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from the March 2008 issue

The Dragon of Rabieh

Based on actual events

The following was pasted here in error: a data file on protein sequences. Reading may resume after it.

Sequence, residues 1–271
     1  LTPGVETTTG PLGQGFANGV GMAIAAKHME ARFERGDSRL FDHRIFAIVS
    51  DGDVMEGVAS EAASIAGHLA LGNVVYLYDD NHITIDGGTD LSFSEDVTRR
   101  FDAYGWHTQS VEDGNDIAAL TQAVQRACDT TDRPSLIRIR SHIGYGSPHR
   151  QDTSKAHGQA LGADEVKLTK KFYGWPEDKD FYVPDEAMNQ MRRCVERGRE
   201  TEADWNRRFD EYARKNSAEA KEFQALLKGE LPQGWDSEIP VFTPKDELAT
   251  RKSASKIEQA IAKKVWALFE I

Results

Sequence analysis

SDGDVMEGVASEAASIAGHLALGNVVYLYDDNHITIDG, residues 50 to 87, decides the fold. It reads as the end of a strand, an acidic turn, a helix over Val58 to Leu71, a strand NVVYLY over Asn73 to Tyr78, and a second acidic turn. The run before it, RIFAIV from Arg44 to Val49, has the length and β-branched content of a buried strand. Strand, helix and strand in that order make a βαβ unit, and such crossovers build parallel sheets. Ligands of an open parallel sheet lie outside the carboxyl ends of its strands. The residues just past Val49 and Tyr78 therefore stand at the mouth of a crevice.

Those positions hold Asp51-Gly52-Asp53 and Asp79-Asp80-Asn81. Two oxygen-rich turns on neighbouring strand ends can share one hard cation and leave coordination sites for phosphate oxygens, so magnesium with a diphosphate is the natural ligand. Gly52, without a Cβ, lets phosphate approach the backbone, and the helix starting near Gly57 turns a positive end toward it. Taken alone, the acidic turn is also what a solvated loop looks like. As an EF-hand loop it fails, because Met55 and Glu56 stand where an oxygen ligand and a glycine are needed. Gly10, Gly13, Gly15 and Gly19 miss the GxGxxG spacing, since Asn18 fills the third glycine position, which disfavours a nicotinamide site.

Inspector Sharbel Barud was picking his teeth while listening to the firemen's explanations. This case was starting to get on his nerves. For the past five days he had been spending his time visiting the inhabitants of Rabieh gathering information regarding the strange creature that was spreading panic in the upscale Mount Lebanon village once made famous by the Italian-Belgian singer Salvatore Adamo. The facts that had been established thus far were not very conclusive. Some witnesses claimed to have seen a dragon, others a dinosaur. In a country where the majority of the people were so superstitious that they took astrologists' predictions as gospel and preferred healers to doctors, it was not easy to separate fact from fiction, illusion from reality. He was skeptical by nature and did not take his mother's religious practices seriously: she lit candles so he would return safely from his assignments, invoked Saint Sharbel so he would find a suitable wife and never swept the Wednesday before Easter—called "Job's Wednesday"—for fear of being devoured by ants in her sleep… He was admittedly proud of being Maronite, but he didn't really believe in the miracles that were attributed to the villages' statues which were said to ooze oil, water and blood. "It's like the Loch Ness case: a lot of fuss about nothing!" he told himself, thinking about a documentary on the mysterious Scottish monster that had recently been aired on television. The latest theory was that the monster was in fact an elephant that had escaped from a circus, and that the shape emerging from the water—the object of the famous and controversial photograph—was in reality nothing more than the unruly pachyderm's trunk. Inspector Barud got back into his Jeep, took the cap off a bottle of Almanza beer and quenched his thirst. "Take care of the problem for me as soon as possible," his boss, Superintendent Jamil, had said to him. "Take care of the problem"? Easier said than done! Avid for sensationalism, the local media were confusing the issue by putting forth the most far-fetched hypotheses, and the locations where the animal had reportedly been spotted were too far apart for the establishment of a safety zone to be effective. But Inspector Barud was not one to allow himself to be intimidated. Endowed with an imposing stature, he already had several spectacular arrests to his credit: the Zalka bombers, the assassins of the jeweller of Burj Hammud, the Qornet Shehwan bank robbers… At the station, he did not hesitate to resort to farruj, a torture method consisting of binding a suspect's hands and feet and attaching him to a stick set horizontally between two chairs. His theory was simple: an offender will never spill the beans if he hasn't first spilled some blood. Considering the presumption of innocence to be an aberration, he had inverted the rule to make it more compatible with reality: "Everyone is guilty until proven innocent." Impressed by his strong-armed methods, his colleagues had nicknamed him "Dirty Harry." In order not to let them down, he had a duty to find the akrut of a monster that was ravaging yards, dirtying swimming pools, biting horses and devouring chickens as quickly as possible.